1. Sadly it was rather weather beaten, had to pick it to bring it in to take the picture, and it went rather limp nearly straightaway. Will see if anymore are growing elsewhere when to rain stops.

            1. Have now looked on the web and reckon it is Crocus tommasinianus, which is an early crocus. Any better suggestions gratefully received.

    1. Hi Tipcat,

      The word for resident ends in ‘ive’ not ‘ion’ so an extra ‘al’ wouldn’t work.

      Can you give an idea of size on the flower (not river!)?

    2. Google Lens is a useful tool to have on your phone to identify a mass of flora and fauna. It confirms it is a crocus variety.

      1. Welcome to the blog, PeeBee.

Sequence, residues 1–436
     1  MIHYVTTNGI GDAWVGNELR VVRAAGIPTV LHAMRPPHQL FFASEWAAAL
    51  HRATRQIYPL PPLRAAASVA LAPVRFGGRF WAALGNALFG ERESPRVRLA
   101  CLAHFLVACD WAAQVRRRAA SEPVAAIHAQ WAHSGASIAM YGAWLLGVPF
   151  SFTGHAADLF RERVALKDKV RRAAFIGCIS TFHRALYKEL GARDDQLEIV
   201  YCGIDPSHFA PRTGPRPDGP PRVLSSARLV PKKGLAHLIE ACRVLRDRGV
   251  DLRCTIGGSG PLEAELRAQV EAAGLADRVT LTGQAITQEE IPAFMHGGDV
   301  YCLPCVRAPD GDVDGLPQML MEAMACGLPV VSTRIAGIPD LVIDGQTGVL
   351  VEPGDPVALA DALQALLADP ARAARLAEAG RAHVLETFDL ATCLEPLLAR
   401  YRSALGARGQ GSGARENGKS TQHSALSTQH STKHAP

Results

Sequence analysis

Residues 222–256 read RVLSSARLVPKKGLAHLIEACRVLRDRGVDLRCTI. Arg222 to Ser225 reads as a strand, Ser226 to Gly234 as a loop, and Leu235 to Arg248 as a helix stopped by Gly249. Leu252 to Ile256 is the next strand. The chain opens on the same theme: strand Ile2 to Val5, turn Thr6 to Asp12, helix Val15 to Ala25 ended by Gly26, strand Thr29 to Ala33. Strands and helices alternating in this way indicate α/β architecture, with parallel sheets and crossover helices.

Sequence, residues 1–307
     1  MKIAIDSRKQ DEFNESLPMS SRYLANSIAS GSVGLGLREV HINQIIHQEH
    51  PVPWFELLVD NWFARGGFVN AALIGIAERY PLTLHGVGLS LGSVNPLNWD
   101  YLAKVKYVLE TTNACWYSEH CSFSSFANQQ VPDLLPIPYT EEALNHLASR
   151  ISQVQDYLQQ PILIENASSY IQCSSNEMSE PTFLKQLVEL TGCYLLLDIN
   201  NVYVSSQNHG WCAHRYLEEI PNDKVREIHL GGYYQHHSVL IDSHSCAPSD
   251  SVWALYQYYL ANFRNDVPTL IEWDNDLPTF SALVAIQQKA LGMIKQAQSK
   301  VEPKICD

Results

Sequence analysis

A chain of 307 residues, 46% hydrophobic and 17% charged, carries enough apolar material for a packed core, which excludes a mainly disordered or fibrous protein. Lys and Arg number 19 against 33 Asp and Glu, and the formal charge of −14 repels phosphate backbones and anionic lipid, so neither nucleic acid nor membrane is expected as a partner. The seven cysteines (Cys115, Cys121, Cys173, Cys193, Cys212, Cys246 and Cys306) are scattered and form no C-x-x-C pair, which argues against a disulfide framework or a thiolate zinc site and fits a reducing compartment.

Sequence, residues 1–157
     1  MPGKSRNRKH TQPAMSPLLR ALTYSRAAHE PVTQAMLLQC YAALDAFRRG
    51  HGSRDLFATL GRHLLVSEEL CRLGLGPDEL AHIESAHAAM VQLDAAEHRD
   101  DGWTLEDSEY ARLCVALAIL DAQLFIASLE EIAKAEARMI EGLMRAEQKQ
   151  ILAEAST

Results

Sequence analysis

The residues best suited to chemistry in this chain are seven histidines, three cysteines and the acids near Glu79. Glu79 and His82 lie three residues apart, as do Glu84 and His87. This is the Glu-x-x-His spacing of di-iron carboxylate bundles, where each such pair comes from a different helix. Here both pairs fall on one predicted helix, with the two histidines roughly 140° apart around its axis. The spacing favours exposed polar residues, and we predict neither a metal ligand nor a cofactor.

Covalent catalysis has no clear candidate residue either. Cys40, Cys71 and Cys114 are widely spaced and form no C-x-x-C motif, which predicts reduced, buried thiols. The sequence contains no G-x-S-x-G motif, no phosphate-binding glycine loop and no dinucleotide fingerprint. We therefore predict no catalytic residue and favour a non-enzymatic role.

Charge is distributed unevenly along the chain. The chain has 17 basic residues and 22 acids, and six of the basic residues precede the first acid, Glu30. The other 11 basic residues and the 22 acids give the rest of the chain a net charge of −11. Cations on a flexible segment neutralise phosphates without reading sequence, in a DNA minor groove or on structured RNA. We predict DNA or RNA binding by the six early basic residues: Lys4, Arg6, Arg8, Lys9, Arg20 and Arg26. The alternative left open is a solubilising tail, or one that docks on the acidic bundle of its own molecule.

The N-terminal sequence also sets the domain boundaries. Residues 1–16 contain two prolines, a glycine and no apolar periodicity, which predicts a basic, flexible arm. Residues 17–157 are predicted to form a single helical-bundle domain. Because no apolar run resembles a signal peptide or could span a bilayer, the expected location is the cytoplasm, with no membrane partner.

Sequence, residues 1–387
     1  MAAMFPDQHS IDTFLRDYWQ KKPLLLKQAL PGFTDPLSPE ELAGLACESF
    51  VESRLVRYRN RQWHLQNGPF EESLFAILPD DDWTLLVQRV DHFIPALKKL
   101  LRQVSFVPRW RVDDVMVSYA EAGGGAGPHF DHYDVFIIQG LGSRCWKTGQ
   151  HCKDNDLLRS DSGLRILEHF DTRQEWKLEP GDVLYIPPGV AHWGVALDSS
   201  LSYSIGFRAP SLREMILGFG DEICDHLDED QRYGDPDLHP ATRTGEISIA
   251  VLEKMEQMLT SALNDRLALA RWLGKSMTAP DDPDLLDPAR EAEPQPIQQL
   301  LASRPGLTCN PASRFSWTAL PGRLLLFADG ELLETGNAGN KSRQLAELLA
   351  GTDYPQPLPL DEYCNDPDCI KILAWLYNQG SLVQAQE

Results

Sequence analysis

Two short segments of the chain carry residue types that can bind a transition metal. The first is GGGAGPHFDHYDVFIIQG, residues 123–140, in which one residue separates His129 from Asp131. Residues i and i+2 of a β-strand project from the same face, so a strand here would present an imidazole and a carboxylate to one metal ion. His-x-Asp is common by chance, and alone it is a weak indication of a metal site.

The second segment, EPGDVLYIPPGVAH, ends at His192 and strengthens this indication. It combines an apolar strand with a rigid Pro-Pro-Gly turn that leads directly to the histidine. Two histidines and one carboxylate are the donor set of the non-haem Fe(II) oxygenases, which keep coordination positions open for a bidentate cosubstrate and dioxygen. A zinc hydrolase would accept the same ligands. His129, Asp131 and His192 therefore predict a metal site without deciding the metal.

I’m hoping that your alias has nothing to do with your initials and that there’s another story behind it?

  2. 7d was my final entry this morning and was a favourite along with 28a for a great surface read. I found the whole grid most entertaining without being particularly taxing, which should please the majority of the commentariat.

    My thanks to Mr P and The Hintsman.

  3. fairly straight forward for me today though I was delayed by 7d where I had not come across this shoe before.
    I enjoyed 21a and thought 6d a good example of it so give it my award for the day.
    Thanks to AP and Hintsman for the fun.

  4. Splendid.

    Solid, as ever, from the professor with stacks of great surfaces.

    My LOI was 18a which was an excellent construction.

    My podium is the aforementioned, 8a (brilliant) and 15a.

    Many thanks to AP and Hintsman.


    1. Regarding 6d, I think it’s just a simple double definition.

      I don’t think it’s linked to the 16.5 foot pole. It’s just something for a bird to sit on.

      1. While we are often of like mind in this instance I beg to differ, Tom – a Rod is another name for a 6d, they are both 16.5ft long. And as a unit of measurement, so is a Pole.